Polling Twitter users is a risky method of gauging public opinion, according to a new study from Pew Research. The research group found that results can differ with other public polls — often to a wide degree. Unsurprisingly it turns out Twitter users are a liberal bunch. There's perhaps no better evidence of that than reaction to the first presidential debate last year. Pew found that 77 percent of Twitter users somehow thought President Obama emerged the victor despite his widely-panned performance, whereas most public sampling favored Mitt Romney. Twitter's user base also leaned left in reacting to a federal court ruling that found a gay marriage ban in California to be unconstitutional. Twitter's own methodology showed a similar liberal slant during election season.
"Often it is the overall negativity that stands out."
Still, conservative sentiment has also surged at times, however. Compared with national trends, Twitter users were far more critical of Obama's second inaugural address as well as his most recent State of the Union speech. Occasionally Twitter's community trends closely with national opinion; such was the case in a poll gauging reaction to the Supreme Court's landmark ruling on the president's healthcare law. Why the disparity? Pew believes that people who keep up with news via Twitter are "very different demographically from the public." Researchers attribute this largely to Twitter's popularity among younger people, describing the platform's reach with adults as only "modest."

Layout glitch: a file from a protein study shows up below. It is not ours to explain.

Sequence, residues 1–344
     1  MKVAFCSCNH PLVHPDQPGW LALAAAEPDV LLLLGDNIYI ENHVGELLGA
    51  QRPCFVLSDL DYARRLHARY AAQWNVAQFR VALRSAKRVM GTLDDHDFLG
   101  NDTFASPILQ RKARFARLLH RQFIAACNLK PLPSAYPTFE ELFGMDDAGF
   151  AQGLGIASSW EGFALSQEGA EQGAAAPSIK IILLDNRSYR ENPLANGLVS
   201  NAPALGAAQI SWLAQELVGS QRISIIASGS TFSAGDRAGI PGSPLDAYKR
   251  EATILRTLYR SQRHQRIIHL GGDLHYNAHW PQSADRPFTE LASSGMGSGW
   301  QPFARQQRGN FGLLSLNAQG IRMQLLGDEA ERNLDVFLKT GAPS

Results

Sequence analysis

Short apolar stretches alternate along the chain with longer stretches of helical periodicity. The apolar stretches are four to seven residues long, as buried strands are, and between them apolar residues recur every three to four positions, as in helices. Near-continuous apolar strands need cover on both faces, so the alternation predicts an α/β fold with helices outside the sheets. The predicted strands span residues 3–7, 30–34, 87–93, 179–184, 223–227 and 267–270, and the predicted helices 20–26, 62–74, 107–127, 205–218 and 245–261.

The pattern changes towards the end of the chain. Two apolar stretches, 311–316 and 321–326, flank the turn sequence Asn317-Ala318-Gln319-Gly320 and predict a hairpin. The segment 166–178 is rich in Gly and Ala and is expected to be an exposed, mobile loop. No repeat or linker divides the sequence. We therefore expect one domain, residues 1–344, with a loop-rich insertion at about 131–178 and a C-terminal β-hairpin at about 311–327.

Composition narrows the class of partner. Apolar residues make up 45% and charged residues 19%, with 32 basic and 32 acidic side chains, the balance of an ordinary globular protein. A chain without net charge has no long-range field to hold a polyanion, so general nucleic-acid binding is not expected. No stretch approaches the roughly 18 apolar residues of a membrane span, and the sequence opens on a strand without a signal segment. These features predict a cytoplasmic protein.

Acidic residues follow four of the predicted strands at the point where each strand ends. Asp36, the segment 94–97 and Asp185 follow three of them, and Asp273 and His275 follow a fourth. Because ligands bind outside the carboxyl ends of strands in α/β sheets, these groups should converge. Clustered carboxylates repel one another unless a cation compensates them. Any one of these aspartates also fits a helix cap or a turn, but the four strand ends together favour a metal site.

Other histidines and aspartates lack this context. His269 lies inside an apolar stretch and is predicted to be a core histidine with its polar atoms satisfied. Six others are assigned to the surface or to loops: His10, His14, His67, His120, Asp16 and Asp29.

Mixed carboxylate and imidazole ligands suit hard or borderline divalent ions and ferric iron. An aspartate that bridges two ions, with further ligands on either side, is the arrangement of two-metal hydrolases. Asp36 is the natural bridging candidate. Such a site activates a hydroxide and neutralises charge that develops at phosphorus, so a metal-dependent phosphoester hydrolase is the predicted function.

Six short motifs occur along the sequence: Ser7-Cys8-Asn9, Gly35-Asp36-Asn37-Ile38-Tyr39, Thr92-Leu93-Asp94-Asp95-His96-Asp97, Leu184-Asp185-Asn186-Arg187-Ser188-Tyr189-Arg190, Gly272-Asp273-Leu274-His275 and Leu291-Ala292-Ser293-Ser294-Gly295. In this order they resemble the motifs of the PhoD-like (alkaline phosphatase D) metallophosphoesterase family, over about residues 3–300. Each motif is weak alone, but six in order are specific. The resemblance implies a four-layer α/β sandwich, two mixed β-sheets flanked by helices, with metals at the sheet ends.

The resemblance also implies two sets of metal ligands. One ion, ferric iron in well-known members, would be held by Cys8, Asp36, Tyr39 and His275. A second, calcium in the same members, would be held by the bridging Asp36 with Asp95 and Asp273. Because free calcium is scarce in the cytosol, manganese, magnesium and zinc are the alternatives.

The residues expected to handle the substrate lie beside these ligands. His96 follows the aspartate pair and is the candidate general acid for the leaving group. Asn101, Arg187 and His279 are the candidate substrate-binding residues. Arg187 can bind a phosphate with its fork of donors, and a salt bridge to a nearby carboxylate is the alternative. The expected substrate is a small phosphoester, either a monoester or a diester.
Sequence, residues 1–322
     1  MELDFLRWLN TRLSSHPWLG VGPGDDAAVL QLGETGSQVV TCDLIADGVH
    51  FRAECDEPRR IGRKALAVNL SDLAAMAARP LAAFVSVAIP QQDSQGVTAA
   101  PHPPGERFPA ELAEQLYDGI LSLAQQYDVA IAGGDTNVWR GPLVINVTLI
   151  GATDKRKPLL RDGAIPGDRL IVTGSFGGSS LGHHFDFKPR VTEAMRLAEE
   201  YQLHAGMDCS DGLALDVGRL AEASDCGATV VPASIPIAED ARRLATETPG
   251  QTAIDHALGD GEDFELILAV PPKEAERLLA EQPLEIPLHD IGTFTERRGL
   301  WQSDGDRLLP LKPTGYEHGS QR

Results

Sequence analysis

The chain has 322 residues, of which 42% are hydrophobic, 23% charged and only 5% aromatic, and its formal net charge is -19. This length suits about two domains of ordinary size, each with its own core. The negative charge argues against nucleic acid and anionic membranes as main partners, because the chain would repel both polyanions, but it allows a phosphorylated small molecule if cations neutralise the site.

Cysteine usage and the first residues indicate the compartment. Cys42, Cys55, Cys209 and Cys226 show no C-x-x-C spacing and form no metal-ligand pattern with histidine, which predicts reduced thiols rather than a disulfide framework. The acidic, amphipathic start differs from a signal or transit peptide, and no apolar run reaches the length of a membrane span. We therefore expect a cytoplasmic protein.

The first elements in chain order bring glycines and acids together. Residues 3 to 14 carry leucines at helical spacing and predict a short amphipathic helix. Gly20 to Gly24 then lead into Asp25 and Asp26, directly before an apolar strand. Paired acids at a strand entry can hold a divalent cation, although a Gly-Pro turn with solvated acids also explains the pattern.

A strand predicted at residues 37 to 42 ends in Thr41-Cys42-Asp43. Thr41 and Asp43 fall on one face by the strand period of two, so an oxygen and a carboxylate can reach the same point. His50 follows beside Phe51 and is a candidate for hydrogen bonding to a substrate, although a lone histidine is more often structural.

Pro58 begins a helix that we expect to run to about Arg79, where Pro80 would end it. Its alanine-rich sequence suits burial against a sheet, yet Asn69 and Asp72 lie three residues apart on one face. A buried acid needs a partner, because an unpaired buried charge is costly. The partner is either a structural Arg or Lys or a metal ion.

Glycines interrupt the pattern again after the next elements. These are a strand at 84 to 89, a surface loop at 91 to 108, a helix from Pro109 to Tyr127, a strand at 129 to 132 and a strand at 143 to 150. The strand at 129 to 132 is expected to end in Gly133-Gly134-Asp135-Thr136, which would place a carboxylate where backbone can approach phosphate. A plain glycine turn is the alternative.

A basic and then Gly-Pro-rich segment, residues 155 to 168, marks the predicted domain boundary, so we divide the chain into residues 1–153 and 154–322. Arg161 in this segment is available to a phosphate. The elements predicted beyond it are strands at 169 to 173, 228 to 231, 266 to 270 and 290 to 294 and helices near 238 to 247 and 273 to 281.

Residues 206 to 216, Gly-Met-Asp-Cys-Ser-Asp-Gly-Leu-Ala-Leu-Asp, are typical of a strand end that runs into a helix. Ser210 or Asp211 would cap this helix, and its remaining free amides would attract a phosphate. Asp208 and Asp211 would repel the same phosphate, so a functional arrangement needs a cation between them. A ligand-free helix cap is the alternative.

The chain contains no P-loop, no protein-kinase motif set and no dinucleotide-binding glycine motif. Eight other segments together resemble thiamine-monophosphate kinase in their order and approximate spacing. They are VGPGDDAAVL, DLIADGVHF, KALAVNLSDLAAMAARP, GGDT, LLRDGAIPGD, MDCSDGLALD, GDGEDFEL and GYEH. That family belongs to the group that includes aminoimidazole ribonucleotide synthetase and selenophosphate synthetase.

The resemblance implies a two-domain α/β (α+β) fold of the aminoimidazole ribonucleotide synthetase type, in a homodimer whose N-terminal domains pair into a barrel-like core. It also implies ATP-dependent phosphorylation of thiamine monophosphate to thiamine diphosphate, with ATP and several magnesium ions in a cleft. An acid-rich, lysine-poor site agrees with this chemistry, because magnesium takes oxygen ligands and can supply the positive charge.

That's not to say there's nothing interesting to take away from Twitter's millions of users. "Overall, the reaction to political events on Twitter reflects a combination of the unique profile of active Twitter users and the extent to which events engage different communities and draw the comments of active users," the research firm says, but ultimately warns that it's simply not the best way of assessing public opinion. For that, you're better off with traditional means of polling.